ROCKFORD (WIFR) -- Abandoned and foreclosed homes are becoming a big safety risk in Rockford neighborhoods.
To combat the problem, the city is resurrecting what's called the problem properties committee: a group that has been defunct for nearly four years.
The city has a lot of information about empty homes, but until now it hasn't put all that information in one place. The police and fire departments, the city's code enforcement division, and the city's legal staff are joining forces to make a new database.
That database, while not available to the public, will list all problem homes. The goal is to figure out who owns the homes and then hold them accountable: make them clean up the property, fix windows, and secure doors. By sharing information, the city hopes it will be easier to rid Rockford's neighborhoods of empty, unsafe buildings.
Pat Hoey from the Rockford Police said, "If we're getting a lot of calls or a house has a lot of outstanding liens because of code violations, we want to be able to get a hold of a property and find a way to convince them, if need be force them, to address the situation so it's not a blight on the neighborhood."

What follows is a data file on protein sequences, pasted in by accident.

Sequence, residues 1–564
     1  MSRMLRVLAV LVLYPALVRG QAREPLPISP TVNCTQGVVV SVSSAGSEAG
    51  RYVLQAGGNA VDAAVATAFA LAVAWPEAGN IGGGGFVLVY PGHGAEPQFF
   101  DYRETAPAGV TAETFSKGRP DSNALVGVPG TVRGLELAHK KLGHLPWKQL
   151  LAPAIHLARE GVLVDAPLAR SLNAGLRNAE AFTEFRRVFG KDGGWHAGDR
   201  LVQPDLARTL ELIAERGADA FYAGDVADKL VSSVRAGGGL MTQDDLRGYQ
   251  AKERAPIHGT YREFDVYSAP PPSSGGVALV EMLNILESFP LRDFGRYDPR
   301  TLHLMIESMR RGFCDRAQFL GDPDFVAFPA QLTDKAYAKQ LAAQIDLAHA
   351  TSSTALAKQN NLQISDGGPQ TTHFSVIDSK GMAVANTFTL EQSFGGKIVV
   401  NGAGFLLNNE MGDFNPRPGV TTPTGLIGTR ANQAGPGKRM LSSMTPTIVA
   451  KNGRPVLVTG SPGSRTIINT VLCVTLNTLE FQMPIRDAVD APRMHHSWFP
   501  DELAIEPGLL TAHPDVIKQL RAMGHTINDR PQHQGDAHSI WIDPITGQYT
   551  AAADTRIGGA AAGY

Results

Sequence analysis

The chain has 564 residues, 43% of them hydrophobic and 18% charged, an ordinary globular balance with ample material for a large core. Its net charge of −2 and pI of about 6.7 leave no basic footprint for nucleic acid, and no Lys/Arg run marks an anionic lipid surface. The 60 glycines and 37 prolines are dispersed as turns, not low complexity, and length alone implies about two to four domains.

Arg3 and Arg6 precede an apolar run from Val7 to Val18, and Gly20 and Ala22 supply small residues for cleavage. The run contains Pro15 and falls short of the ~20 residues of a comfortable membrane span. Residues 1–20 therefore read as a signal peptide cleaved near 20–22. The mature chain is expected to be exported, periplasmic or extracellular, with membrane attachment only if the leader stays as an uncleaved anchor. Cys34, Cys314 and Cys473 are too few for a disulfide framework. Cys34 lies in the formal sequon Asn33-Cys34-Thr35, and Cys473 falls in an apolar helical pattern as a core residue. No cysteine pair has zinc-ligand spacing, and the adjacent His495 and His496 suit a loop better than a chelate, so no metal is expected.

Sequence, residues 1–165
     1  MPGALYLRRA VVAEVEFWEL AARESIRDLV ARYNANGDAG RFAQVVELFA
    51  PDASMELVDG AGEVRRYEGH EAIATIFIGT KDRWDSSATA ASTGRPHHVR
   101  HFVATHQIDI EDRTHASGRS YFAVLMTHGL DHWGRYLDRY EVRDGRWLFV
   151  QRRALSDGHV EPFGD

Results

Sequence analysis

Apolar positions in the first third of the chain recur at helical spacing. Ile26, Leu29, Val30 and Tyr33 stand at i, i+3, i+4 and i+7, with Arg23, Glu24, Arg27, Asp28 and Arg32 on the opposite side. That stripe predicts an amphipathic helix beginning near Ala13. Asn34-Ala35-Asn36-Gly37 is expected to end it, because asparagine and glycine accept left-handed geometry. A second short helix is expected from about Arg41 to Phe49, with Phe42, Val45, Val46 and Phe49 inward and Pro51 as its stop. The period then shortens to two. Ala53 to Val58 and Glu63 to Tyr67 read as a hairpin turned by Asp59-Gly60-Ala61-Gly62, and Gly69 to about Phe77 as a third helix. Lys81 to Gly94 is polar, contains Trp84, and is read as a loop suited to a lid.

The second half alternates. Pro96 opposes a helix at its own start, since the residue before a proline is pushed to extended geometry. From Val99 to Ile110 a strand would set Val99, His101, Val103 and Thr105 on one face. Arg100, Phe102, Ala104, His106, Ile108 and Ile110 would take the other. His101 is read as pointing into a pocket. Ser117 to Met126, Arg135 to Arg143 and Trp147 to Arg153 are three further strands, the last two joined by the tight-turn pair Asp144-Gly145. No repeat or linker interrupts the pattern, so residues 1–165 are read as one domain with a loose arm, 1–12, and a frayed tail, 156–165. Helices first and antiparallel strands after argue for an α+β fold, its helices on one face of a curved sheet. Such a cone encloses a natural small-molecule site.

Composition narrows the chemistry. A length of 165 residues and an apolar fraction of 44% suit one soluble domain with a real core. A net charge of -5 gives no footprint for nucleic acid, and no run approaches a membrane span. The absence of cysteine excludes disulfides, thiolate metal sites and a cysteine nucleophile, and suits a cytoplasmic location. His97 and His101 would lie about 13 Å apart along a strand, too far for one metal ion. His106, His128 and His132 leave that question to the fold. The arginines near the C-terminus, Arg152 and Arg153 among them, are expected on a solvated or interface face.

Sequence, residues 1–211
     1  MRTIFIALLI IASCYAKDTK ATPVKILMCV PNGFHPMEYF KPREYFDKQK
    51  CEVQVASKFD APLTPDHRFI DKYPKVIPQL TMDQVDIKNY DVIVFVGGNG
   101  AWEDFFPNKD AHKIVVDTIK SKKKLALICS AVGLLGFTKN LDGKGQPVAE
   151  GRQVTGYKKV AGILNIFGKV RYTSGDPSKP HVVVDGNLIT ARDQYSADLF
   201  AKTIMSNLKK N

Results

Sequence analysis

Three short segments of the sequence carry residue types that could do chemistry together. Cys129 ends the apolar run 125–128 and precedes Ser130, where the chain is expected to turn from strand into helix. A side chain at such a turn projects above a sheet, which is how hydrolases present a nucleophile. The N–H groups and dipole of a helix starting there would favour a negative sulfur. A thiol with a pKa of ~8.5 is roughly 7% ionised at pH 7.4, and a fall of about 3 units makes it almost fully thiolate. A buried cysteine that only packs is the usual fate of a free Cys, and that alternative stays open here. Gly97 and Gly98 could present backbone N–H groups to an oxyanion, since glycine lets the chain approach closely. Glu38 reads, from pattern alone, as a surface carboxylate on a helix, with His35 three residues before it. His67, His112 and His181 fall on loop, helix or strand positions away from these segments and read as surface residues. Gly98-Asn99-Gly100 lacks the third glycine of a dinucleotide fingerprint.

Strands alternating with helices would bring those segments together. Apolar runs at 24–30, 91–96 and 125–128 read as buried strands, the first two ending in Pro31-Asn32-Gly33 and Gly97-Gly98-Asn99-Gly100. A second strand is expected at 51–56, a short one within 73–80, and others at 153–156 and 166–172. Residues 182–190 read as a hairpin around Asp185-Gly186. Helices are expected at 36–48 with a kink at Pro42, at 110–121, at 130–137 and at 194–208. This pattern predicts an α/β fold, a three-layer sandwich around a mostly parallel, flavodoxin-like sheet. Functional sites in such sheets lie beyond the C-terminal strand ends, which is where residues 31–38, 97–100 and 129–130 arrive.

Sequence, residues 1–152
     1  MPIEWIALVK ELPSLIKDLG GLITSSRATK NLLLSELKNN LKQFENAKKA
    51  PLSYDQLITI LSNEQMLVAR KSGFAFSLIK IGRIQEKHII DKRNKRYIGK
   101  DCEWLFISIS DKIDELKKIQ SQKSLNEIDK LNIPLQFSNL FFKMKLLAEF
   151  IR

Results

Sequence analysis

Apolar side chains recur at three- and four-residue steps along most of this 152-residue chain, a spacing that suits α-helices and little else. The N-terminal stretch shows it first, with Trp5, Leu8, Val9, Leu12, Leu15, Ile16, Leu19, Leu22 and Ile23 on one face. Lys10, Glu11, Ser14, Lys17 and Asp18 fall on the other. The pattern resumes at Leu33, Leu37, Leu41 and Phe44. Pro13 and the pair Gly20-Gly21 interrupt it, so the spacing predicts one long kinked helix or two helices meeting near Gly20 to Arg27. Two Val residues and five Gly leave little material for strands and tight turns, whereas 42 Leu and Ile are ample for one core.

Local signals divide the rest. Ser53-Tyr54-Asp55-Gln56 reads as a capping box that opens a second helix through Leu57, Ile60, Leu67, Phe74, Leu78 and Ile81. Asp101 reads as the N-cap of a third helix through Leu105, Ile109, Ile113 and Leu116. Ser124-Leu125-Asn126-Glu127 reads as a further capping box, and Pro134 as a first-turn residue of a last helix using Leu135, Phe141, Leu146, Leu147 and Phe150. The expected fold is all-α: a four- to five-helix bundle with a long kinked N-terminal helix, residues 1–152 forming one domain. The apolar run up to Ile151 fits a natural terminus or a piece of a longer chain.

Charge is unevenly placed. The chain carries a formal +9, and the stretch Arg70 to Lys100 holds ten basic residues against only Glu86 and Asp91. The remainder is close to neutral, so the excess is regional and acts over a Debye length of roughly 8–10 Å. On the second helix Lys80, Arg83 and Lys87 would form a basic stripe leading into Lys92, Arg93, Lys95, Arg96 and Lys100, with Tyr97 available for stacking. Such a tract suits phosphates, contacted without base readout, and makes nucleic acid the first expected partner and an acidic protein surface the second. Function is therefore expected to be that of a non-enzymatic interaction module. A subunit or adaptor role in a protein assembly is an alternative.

The committee just started meeting for the first time a week and a half ago. If you have one of these homes in your neighborhood police urge you to call and report it.
Loves Park keeps a Spreedsheet of all foreclosed homes, but they don't know if they are vacant until someone complains that the grass hasn't been cut. Just last night, Freeport's City Council debated a new ordinance that would force homeowners to register if their homes are vacant, but that wouldn't apply to the banks and they own most of these places.